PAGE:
US high school introduces ‘sporty hijabs’ for female Muslim athletes
Deering High School in Portland, Maine, has introduced the lightweight headscarves, which cover the hair of practicing Muslims, as an alternative to the traditionally more bulky hijab which can pose problems such as falling off while running.
The school is the first in the US to provide its students with the headscarves to boost participation of Muslim girls in sport.
“We’re more confident on the field. This one doesn’t fall off. No matter what I do, it won’t fall off,” Deering junior lacrosse player Fadumo Adan said, the Associated Press reported.
On May 4, the International Basketball Federation (FIBA) altered its rules to allow players to wear religious headgear during games.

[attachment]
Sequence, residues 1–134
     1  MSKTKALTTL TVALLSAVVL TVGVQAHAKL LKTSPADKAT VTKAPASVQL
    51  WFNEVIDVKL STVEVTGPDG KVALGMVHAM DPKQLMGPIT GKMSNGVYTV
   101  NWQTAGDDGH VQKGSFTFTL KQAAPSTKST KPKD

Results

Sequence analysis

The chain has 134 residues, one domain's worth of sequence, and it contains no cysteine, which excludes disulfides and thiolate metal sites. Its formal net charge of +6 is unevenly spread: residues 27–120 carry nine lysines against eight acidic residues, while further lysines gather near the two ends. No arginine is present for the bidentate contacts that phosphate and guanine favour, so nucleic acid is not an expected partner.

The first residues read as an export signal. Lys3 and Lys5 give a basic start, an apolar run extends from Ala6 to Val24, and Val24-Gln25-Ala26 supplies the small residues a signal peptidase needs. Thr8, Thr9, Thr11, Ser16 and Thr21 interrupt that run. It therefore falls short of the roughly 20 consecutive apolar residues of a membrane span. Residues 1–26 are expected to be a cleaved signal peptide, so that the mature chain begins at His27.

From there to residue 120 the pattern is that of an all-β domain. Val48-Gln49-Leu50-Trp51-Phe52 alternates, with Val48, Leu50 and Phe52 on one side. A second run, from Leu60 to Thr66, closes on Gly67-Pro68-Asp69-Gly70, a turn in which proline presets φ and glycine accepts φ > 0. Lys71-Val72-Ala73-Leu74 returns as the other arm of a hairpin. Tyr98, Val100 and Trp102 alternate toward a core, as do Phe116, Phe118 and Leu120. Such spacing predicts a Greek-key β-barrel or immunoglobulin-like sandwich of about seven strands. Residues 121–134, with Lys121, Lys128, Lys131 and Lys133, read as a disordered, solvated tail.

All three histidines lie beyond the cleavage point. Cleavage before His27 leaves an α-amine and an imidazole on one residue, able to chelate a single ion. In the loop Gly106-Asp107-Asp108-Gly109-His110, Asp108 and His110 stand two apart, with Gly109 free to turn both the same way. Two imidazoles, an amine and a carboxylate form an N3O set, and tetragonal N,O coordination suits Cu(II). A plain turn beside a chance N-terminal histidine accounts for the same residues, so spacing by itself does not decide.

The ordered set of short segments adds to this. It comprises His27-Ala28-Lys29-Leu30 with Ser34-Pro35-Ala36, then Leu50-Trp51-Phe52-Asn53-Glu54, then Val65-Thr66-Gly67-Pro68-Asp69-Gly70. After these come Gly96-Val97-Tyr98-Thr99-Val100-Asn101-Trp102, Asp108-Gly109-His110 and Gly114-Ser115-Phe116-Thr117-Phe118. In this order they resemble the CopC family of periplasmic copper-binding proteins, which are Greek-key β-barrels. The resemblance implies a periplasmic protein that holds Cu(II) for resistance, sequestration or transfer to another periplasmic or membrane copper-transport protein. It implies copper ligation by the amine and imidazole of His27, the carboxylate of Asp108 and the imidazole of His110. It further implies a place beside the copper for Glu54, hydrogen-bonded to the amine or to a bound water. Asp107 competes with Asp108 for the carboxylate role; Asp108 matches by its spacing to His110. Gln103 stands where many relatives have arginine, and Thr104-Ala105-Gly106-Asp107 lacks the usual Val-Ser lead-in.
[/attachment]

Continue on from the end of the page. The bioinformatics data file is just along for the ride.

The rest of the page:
In a statement, FIBA said the rule came “as a result of the fact that traditional dress codes in some countries - which called for the head and/or entire body being covered - were incompatible with FIBA's previous headgear rule.”
Fencer Ibtihaj Muhammad became the first American to compete at the Olympics while wearing a hijab, when she won a bronze medal at the 2016 Rio Games. Hijabs have however caused some controversy in sport.
In February, 18-year-old Iranian chess grandmaster Dorsa Derakhshani was banned from competing for the national chess team for not wearing a hijab – obligatory dress for women under Iranian law.
Derakhshani was expelled for not covering her hair with the garment – compulsory for women since the Islamic Revolution in 1979 – while competing as an independent player in the 2017 Tradewise Gibraltar Chess Festival.
Then in April, Iranian soccer player Shiva Amini was dropped from her country’s national team for not wearing a hijab in an exhibition game while on a tour of Switzerland and Italy.